Thai Prime Minister Abhisit interview: 'We're a government that can maintain order'
Confounding his critics, Thai Prime Minister Abhisit, who took office a year ago, has faced down challenges from opponents and stifled antigovernment unrest. But protesters are gearing up for more disruption.
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“I thought we’d agreed on a set of rules until Thaksin called it off. That suggests the problem is not with us, it’s with Thaksin,” says Abhisit, speaking after a weekly live broadcast on state TV.Skip to next paragraph
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Born and educated in the UK, Abhisit rose rapidly through his party’s ranks and took over in 2005 after an election defeat. He is among Thailand’s youngest-ever political leaders and is popular among Bangkok’s moneyed classes and star-struck women.
But his boyish good looks and educated patina aren’t necessarily a calling card in Thailand’s political culture, says Kavi Chongkittavorn, a columnist for the pro-Abhisit Nation daily. Other Thai media have criticized him as too reserved and ineffectual, in contrast to politicians schooled in roughhouse tactics.
Mr. Sulak says Abhisit is a clean, respectable leader who lacks conviction. “He’s a nice boy.… But he has no guts, no moral courage. He just plays along with the game to survive,” he says.
Nonetheless, Mr. Kavi argues that his hold on power appears secure. “I didn’t expect him to last this long. Now I think he will last until the end,” he says.
That could mean Abhisit staying until the end of 2011, when parliament’s four-year tenure ends. His opponents say that would be undemocratic, as he lacks a popular mandate and was installed in dubious circumstances. Abhisit says he was chosen by a majority of MPs and is a legitimate prime minister.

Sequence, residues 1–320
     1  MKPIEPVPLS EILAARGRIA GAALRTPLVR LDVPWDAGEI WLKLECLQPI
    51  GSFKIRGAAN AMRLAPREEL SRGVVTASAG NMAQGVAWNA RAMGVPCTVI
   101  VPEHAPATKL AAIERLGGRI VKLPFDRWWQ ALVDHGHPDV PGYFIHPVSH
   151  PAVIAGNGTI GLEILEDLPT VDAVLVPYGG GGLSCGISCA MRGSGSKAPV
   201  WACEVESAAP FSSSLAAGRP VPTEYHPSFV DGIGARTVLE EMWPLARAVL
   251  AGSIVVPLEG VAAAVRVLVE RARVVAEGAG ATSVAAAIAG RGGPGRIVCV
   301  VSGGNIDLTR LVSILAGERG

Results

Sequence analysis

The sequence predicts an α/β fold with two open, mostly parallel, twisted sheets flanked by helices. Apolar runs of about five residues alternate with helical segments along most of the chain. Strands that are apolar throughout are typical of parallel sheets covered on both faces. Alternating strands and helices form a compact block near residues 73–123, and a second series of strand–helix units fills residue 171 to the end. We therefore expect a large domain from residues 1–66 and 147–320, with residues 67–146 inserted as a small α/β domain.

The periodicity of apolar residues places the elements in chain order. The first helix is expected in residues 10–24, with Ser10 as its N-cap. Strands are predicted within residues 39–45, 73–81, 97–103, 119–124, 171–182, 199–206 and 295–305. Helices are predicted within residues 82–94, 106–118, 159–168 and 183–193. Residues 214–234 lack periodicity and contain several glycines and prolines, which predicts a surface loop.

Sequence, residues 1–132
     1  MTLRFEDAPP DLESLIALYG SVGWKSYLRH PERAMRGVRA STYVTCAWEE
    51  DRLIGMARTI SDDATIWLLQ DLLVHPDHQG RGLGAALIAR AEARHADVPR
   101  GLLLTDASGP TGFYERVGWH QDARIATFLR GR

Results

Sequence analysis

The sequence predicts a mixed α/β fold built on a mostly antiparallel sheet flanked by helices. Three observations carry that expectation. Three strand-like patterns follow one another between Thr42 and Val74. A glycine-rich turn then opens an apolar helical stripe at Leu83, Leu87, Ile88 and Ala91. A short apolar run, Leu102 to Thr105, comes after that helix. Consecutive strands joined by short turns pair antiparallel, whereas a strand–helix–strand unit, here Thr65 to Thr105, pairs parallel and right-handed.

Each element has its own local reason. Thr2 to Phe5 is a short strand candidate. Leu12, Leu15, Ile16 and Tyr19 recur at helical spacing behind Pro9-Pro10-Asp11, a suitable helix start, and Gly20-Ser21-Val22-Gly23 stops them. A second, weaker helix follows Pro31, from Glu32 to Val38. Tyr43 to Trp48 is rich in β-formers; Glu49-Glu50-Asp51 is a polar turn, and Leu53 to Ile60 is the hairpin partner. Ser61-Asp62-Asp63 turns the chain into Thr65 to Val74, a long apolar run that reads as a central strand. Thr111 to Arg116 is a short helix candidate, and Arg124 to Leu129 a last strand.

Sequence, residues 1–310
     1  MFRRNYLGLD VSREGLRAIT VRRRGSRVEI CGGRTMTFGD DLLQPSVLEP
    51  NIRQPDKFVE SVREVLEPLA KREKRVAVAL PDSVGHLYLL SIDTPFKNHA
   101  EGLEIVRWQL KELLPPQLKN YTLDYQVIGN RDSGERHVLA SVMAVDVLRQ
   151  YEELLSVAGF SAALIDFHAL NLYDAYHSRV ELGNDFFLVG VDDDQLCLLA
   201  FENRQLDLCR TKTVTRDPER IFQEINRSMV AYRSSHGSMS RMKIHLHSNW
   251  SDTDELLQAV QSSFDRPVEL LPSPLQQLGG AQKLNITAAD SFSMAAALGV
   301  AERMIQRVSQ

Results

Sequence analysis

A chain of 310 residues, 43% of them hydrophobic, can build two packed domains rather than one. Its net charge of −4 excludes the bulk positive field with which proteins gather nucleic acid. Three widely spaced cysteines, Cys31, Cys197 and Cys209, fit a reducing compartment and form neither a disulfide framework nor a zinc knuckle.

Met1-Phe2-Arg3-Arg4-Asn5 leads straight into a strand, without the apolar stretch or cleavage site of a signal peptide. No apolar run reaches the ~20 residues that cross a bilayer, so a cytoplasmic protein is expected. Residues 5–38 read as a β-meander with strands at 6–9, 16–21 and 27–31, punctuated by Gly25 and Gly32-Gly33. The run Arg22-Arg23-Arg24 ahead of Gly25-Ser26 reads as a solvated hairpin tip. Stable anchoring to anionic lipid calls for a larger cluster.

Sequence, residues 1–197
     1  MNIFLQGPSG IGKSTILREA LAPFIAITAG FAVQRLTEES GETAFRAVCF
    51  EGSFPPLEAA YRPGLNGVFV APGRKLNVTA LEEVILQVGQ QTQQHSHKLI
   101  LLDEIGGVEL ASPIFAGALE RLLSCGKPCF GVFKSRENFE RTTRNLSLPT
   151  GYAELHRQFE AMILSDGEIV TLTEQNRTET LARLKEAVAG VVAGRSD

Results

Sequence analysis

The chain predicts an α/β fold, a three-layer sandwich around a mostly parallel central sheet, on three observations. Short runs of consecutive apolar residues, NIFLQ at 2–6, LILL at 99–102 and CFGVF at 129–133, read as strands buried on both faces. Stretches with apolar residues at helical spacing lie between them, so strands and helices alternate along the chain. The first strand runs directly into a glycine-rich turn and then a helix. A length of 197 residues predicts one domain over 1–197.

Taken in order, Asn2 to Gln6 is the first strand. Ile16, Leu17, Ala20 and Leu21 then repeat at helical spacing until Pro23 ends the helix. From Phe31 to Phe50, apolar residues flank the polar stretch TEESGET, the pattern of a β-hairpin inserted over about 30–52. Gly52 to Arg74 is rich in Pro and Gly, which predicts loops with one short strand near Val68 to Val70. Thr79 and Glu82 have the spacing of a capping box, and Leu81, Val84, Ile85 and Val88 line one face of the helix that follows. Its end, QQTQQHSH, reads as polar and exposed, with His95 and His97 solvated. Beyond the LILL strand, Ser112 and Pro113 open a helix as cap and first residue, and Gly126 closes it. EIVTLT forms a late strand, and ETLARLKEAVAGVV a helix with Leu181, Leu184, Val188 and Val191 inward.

He also pushes back against critics who call him beholden to the military, pointing to the lifting of martial law last month in four districts in the Muslim-dominated south, where a shadowy insurgency has raged since 2004. Military commanders have tried to resist curbs on their powers to round up suspects and to control lucrative development budgets in southern hot spots.
“These are clear policies made by politicians,” says Abhisit, referring to his southern strategy. Asked if elected civilians had full control over Thai security forces, he replied, “close” to it.
A wildcard in Thailand’s fractured politics is the health of King Bhumibol Adulyadej, the world’s longest reigning monarch. He has been in hospital since last September to treat a lung infection. As a constitutional monarch, Bhumibol wields limited formal power but in practice has been highly influential and a unifying figure in Thai politics, making his departure a pivotal event.
Many Thais fear that a royal succession could be destabilizing for the country as the heir to the throne, Crown Prince Vajiralongkorn, is unpopular, though such concerns are rarely aired in public due to strict laws. Pro-Thaksin factions have publicly challenged the politicking of palace factions, including their endorsement of the 2006 coup.
Abhisit says he understands public concerns over the monarch’s eventual passing. “I think it’s inevitably going to be a very anxious and difficult time ... but Thai society must rise up to the challenge,” he says.